Quick links from the past week in mind and brain news:
The Economist discusses whether the famous Dunbar number, the maximum limit of human relationships, holds on Facebook.
A person who experienced the identity loss memory disorder dissociative fugue is interviewed in The New York Times.
BBC News reports that Malaysia is attempting to curb its suicide rate by planning to arrest those who attempt suicide.
Philosopher Eric Schwitzgebel asks what is an illusion, exactly?
Neuronarrative reports on a new study finding people tend to view leaders more favourably once they’ve died!
Drug giant and makers of Seroquel (quetiapine) lied about their data showing that the antipsychotic drug isn’t as effective as its competitors, reports the Clinical Psychology and Psychiatry blog.
The New York Times reports on research showing that interrupting an experience, whether dreary or pleasant, can make it significantly more intense.
The US Army’s group of ‘weaponised anthropologists’, the Human Terrain System, get slammed by a Marine Corps major in a military publication. Wired has the story.
The Onion, on news that a Lovecraftian school board member wants madness added to the curriculum. C’thulhu fhtagn!
Science News reports on a new study that links the genetics of Autism and bellyaches.
A long and confusing article on why minds are not like computers is published in The New Atlantis. Would greatly benefit from the insights from philosophy of mind.
Nature has an excellent article on the sociology of science and why we need a third way after the extremes of hard scientific realism and social constructionism. By the always interesting Harry Collins.
Gender effects in <a href="http://sciencenews.org/view/generic/id/41304/title/Playing_for_real_in_a_virtual__world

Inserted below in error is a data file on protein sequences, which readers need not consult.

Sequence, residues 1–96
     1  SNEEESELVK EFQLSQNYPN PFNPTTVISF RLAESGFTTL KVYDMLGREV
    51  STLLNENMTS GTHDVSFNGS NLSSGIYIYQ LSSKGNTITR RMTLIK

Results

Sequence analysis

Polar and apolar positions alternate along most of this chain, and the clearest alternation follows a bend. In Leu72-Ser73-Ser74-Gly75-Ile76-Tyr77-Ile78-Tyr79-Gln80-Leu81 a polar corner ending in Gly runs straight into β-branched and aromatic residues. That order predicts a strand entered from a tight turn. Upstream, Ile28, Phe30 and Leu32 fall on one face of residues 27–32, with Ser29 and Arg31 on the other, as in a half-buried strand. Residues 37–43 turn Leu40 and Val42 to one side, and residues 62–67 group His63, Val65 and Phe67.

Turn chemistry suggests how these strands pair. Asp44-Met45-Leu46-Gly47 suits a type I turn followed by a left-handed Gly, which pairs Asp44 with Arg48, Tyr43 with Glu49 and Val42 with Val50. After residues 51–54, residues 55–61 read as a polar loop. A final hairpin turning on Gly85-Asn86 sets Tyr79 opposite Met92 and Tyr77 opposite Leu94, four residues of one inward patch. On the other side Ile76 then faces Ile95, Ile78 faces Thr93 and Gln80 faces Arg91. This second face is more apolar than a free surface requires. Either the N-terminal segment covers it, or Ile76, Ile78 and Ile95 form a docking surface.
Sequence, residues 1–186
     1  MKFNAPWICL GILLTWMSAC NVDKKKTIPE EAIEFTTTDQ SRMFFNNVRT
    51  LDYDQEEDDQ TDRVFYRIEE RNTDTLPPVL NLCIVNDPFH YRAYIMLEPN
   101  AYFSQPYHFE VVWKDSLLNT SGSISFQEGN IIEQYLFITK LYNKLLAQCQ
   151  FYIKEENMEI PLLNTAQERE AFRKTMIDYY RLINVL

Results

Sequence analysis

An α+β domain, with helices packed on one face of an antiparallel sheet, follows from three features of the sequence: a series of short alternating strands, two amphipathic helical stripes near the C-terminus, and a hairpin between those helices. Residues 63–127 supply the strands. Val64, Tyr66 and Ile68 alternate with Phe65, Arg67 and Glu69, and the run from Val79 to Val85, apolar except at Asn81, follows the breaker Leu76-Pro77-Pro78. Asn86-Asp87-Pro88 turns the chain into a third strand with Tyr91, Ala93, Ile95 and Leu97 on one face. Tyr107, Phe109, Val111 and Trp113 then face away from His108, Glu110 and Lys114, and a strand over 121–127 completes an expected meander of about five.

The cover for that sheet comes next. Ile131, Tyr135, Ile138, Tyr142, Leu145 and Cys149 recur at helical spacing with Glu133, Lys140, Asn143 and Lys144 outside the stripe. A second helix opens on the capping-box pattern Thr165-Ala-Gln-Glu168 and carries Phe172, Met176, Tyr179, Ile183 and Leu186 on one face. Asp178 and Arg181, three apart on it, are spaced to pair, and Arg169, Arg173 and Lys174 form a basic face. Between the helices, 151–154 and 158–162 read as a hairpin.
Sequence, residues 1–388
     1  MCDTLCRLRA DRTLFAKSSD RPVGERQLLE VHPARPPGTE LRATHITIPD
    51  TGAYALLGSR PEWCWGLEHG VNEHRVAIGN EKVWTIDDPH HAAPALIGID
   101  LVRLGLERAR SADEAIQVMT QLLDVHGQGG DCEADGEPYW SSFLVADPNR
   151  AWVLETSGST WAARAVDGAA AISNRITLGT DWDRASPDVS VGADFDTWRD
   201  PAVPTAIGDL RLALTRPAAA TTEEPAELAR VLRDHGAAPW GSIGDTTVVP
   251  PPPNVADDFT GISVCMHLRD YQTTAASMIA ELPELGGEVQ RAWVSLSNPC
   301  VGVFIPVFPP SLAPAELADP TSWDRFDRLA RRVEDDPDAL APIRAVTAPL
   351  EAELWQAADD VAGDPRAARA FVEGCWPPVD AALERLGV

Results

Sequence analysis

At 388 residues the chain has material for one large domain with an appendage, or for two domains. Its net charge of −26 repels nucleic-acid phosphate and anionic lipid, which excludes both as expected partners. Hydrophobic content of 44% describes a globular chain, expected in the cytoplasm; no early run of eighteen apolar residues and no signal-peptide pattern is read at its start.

“>children’s play are seen in virtual worlds, reports Science News.
Furious Seasons reports on a recent study looking at the (large) placebo effect in studies of antidepressant treatment for adolescent depression.
Is patriotism a subconscious way for humans to avoid disease? asks the always engaging Carl Zimmer in Discover Magazine.
The Guardian reports on research suggesting that some people who suffer stroke develop PTSD after their experience.
Texting is associated with superior reading skills in children, reports the BPS Research Digest.
The New York Times has an interesting article looking at the psychology of rewarding students for study or good performance in light of mixed evidence of how effective the practice is.
ABC Radio National’s Ockham’s Razor has programme on how errors of grammar, punctuation and inaccurate scientific terminology can complicate important social issues.
Dr Shock covers some interesting research on the pros and cons on using PowerPoint presentations in teaching for learning by students.
Also from Dr Shock an awesome video showing how some stunning 3D illusion street art was created.
The New York Times reports that skin cells from people with Parkinson‚Äôs disease have been converted in a test tube to dopamine neurons.